With regards periodisation, creatine may be effective during periods of heavy training, muscle building training blocks, heavy anaerobic work (e.g. sprint interval sessions) and during competition. It would be prudent to periodise creatine intake to these periods to improve training performance and adaptations to training.

Remember, creatine is a source of energy for explosive type movements and if you are not using explosive type movements during your training, then the supplementation of creatine might be unwarranted.

Experts advise that creatine is an acceptable nutritional strategy if you are consuming a well-balanced diet. If you are not consuming a well-balanced diet, then it is strongly advised to work on improving your diet quality first before supplementation.

Nutrition Pyramid

The above diagram shows the performance nutrition pyramid. The purpose of this is to illustrate the importance of your everyday diet in promoting good health and performance. Your everyday diet is the most important factor and is the foundation of your diet as an athlete. This is where you will make the most gains in energy levels, body composition, training quality and performance.

Consider it similar to be able to perform the most basic skills in your sport (e.g. controlling the ball, passing and scoring in most team sports). If you cannot do these simple skills, then your ability to perform effectively in a game will be diminished.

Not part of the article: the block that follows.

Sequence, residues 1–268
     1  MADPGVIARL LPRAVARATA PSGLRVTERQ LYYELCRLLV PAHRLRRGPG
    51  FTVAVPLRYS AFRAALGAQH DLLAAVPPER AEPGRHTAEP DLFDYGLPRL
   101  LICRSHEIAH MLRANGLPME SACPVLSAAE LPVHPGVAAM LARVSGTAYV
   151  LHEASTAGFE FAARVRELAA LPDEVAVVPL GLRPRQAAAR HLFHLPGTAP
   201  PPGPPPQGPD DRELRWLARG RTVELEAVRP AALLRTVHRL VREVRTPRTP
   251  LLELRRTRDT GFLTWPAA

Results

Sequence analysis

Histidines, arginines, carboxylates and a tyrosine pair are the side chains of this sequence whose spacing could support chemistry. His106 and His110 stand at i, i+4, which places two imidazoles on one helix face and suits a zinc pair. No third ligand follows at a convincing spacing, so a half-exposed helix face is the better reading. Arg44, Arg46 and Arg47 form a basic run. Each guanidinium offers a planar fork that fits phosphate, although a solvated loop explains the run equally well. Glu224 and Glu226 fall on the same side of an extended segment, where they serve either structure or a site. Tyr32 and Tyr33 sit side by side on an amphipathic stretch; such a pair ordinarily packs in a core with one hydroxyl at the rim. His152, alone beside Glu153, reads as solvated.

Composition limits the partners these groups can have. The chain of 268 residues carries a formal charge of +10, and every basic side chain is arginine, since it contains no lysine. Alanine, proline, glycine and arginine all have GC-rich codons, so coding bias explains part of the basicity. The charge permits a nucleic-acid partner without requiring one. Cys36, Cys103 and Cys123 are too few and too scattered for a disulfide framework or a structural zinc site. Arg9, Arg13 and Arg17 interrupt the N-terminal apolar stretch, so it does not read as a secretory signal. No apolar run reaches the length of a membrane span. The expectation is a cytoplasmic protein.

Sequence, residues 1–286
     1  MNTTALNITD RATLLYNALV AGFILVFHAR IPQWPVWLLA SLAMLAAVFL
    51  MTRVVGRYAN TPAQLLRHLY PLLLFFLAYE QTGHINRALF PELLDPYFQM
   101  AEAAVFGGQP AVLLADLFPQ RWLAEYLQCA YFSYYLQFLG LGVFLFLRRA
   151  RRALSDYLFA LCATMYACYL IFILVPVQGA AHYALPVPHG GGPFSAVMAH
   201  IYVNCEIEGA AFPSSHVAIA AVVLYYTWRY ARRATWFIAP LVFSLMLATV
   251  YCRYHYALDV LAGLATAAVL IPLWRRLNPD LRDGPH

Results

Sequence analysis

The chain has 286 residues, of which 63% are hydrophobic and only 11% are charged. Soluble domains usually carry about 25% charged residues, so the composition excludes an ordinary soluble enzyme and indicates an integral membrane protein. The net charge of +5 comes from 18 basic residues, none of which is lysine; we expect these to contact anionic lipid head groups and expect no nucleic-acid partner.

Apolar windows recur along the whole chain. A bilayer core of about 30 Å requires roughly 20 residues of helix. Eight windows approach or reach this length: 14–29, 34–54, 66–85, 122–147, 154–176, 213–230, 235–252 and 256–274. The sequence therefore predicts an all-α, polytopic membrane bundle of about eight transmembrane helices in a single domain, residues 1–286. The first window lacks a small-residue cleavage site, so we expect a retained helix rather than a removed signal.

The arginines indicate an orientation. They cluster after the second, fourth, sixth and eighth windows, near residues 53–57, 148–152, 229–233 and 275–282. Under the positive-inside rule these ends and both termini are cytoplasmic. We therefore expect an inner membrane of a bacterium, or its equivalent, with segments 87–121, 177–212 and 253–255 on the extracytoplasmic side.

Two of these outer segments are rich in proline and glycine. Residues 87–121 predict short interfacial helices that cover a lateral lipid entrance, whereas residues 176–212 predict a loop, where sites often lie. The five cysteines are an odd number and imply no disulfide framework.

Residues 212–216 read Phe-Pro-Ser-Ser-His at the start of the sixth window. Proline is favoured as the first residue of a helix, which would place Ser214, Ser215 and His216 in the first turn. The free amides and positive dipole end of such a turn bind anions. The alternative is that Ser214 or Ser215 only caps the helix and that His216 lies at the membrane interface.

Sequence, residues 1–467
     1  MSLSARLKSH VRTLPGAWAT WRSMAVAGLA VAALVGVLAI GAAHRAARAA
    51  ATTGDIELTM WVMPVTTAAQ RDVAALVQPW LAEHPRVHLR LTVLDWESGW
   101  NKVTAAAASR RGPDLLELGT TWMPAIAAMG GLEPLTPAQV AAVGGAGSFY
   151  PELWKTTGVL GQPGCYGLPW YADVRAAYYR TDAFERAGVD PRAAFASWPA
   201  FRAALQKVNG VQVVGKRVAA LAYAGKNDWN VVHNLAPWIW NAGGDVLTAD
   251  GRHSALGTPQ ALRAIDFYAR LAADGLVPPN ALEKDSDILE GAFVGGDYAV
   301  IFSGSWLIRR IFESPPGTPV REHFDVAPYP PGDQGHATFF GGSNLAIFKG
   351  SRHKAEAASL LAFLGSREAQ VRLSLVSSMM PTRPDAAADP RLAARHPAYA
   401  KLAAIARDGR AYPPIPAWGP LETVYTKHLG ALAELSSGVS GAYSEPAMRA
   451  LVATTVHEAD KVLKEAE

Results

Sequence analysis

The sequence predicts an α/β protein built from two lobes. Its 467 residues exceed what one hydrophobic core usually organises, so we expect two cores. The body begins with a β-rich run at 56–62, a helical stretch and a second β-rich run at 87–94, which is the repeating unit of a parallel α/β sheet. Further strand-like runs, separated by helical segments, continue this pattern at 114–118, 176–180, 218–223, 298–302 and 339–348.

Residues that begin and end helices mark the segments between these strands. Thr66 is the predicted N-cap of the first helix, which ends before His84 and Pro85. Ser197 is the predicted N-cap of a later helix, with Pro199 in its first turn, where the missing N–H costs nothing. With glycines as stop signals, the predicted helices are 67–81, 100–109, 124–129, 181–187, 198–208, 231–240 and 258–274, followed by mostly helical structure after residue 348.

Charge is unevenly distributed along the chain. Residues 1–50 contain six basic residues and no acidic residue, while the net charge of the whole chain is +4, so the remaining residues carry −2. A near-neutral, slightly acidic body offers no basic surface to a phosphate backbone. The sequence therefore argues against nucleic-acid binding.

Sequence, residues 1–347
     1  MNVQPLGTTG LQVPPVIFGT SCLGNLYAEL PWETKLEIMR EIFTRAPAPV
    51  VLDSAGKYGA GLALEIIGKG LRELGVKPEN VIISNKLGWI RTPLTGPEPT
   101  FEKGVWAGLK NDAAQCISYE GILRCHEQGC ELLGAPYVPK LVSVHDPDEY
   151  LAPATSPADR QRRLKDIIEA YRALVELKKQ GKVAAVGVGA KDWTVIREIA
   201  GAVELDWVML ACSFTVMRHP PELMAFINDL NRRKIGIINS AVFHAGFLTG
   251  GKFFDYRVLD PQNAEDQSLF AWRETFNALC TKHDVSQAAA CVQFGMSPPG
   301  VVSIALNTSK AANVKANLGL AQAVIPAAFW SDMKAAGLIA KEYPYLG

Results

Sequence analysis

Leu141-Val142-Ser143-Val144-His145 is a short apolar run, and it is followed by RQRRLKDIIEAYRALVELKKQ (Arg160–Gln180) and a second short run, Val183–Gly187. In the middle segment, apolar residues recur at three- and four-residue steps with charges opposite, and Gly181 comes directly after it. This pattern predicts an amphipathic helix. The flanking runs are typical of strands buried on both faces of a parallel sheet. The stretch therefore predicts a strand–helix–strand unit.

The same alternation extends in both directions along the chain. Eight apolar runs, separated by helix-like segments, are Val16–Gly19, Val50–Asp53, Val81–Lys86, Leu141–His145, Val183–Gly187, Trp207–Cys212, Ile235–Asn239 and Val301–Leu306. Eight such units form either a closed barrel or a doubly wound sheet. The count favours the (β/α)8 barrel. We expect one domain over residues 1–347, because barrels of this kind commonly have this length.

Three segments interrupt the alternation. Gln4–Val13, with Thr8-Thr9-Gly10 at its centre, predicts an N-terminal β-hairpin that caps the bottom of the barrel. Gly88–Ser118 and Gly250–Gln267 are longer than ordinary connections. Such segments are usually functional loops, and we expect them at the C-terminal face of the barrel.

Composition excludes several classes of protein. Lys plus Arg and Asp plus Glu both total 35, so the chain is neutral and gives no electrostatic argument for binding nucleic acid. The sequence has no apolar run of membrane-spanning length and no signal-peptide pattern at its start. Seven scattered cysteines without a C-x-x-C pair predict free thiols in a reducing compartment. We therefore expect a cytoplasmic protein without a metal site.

You will get the most benefit from working on the basic nutrition skills (e.g. understanding of what’s a healthy food, what should I eat before and after training, how much protein should I consume, how much carbohydrate should I consume, hydration). Most supplements, if effective provide miniscule improvements to performance (i.e. 0.5 – 1%, equivalent to a 10sec 100m sprinter shaving 0.05 to 0.1 seconds off their time). Supplements should only be considered when you have made improvements in many other areas of your life and you are looking for the tiny margins to bring you to the elite level.

With this in mind, consider areas of your everyday life where you can make improvements that will have a greater impact?

Please check in next week as I will be posting another blog on sports nutrition.

If you have any questions, please email me at: kevin@metabolise.ie

Check out my website and my YouTube channel which I update regularly with cooking demonstrations and recipes. I also have interviews with Kerry footballing greats discussing the importance of sports nutrition

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Finally, check out my blog for further posts on sports nutrition related topics.

Stay safe everyone, wash your hands regularly and practice physical distancing!

Kevin